What precisely constitutes a "substantial change" is a challenging issue for individuals and courts to assess. Custody cases are usually very complex and the factors that may lead a parent to seek a modification of custody are extensive. Common situations include allegations of physical or mental abuse, significant changes in the financial situation of the custodial parent, health issues of the parent or child, a contention that the home environment provided by the custodial parent is unsafe, or the relocation of the custodial parent.
Can I Agree with My Ex-Spouse to Modify Custody?
The easiest way to modify child custody is by agreement. This occurs when the parties reach a mutual decision that changing custody from one parent to the other is in the best interests of the child. In these circumstances, the parties would first enter into an agreement providing for the modification of custody, then that agreement would be filed with the court for review and approval. Even if the parties agree to a modification, the court may choose to hold a hearing so the parties can explain why they believe modification is in the child's best interests. It will be beneficial to consult with your Carmel child custody lawyer to ensure that the entire process runs seamlessly.
What If My Ex-Spouse Does Not Agree to Change Custody?
Custody is often modified when one parent does not believe it is in the best interests of the child for the other parent to have custody. The party seeking the change of custody will file a petition with the court alleging that there has been a substantial change in circumstances that warrants a modification of the court's prior custody order. The court will then schedule a hearing where both parents will be able to present the necessary evidence to support their respective positions and modification request.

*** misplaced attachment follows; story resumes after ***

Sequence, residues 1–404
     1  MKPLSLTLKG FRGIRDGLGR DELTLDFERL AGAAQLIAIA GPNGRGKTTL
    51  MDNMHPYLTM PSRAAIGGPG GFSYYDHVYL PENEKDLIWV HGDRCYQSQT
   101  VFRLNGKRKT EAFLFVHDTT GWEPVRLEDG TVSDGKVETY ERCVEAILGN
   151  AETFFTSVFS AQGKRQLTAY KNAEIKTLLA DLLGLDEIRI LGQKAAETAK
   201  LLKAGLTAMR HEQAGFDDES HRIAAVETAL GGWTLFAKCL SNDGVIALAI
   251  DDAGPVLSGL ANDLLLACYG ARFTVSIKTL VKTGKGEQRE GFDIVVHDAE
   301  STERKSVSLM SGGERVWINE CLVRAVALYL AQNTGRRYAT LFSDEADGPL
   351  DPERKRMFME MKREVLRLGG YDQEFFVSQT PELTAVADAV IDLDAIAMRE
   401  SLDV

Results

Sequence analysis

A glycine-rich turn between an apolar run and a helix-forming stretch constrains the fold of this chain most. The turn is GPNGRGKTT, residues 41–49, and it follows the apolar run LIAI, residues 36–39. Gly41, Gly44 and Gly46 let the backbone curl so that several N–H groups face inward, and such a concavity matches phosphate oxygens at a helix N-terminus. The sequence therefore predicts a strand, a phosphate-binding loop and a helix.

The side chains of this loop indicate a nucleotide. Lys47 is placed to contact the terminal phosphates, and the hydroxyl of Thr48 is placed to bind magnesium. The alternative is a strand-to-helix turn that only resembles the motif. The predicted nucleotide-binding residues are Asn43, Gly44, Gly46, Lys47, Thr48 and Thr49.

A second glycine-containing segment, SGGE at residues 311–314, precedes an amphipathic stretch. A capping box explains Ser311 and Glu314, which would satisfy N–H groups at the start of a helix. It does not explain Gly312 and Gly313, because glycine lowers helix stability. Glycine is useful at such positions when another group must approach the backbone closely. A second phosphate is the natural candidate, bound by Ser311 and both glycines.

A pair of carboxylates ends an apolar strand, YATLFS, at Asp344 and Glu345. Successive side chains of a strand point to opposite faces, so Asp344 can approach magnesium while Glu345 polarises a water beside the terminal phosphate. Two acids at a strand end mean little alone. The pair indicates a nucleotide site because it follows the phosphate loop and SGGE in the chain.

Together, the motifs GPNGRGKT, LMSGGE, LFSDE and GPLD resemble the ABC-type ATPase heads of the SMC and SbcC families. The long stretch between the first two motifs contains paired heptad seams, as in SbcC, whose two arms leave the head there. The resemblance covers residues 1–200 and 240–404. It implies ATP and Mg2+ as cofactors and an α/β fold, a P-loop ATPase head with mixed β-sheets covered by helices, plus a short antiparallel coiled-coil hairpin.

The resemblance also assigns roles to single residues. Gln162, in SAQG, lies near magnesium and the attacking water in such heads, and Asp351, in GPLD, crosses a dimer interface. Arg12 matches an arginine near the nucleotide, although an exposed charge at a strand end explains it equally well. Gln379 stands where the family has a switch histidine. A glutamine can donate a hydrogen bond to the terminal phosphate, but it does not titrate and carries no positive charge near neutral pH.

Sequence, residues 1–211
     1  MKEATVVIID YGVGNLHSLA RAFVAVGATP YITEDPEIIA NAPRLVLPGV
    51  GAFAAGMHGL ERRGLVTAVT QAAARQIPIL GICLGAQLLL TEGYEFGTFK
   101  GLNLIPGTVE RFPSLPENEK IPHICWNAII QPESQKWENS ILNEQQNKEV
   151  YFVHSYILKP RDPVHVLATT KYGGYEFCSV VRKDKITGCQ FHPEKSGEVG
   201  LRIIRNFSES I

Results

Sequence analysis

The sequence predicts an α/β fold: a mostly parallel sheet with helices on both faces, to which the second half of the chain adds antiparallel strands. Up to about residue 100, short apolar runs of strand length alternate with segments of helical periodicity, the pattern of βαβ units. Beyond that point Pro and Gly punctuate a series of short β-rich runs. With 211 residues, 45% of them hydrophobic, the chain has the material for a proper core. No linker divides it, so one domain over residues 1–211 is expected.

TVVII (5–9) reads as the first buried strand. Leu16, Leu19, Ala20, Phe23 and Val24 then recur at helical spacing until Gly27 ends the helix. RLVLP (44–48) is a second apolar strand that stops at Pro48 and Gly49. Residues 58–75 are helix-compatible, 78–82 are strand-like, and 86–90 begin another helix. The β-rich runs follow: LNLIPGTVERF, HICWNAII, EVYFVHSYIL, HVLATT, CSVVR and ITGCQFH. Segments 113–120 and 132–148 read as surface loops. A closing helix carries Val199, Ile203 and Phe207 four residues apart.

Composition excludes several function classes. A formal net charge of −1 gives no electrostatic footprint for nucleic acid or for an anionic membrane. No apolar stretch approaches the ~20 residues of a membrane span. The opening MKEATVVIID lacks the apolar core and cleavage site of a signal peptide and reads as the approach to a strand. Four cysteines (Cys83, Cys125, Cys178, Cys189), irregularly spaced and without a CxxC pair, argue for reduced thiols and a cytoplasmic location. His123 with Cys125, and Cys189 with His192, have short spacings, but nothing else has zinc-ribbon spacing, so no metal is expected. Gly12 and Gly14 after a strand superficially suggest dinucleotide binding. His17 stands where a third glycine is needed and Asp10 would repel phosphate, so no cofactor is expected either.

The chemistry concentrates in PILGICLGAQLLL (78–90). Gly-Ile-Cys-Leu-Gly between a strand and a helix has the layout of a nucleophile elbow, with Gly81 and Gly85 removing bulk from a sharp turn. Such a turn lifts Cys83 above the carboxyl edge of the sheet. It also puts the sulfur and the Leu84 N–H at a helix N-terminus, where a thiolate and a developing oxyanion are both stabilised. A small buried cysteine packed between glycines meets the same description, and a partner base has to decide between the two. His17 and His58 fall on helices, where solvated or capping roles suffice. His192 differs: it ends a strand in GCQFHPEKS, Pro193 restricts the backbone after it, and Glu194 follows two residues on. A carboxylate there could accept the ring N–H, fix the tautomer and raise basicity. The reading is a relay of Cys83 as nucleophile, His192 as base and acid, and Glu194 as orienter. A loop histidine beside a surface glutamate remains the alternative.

What Should I Consider Before Seeking a Modification of Custody?
If a custody modification is contested (meaning the other parent does not agree), then the parent seeking the change should be prepared for what will likely be a contentious hearing. Custody modification proceedings almost always involve allegations that the other parent is not suitable to be provided with more time or maintain the extent of time that they currently have. As a result, the decision to seek a modification of child custody must be evaluated with the utmost concern for the emotional impact on the parents and child.
The most common arguments that successful modifications rely upon involve the safety and/or well-being of the child in question. The most extreme cases involve abuse of a child. Also, a showing that the health of the child has been compromised can support a request to modify custody. Less dramatic factors, such as a significant decline in academic performance, can also be persuasive.
Custody modifications are not readily granted as courts prefer to see custodial arrangements with children to remain consistent. If you are considering requesting a custody modification, you would be well advised to seek the assistance of counsel specializing in family law.
Retain a Indianapolis Child Custody Lawyer Today
If you need to have your child custody arrangement modified or are seeking to protect the order from the other parent’s petitions, be sure to call on Hollingsworth Roberts Means for support. Our team of seasoned and compassionate Carmel child custody attorneys is fully prepared to help with your case. We can use our years of insight to resolve your case in a favorable manner!
Ready to talk about your child custody needs? Contact our Carmel, IN child custody modification lawyers at (888) 211-3888 to discuss your best options. We can advocate for clients in Carmel, Indianapolis, and throughout all of Central Indiana!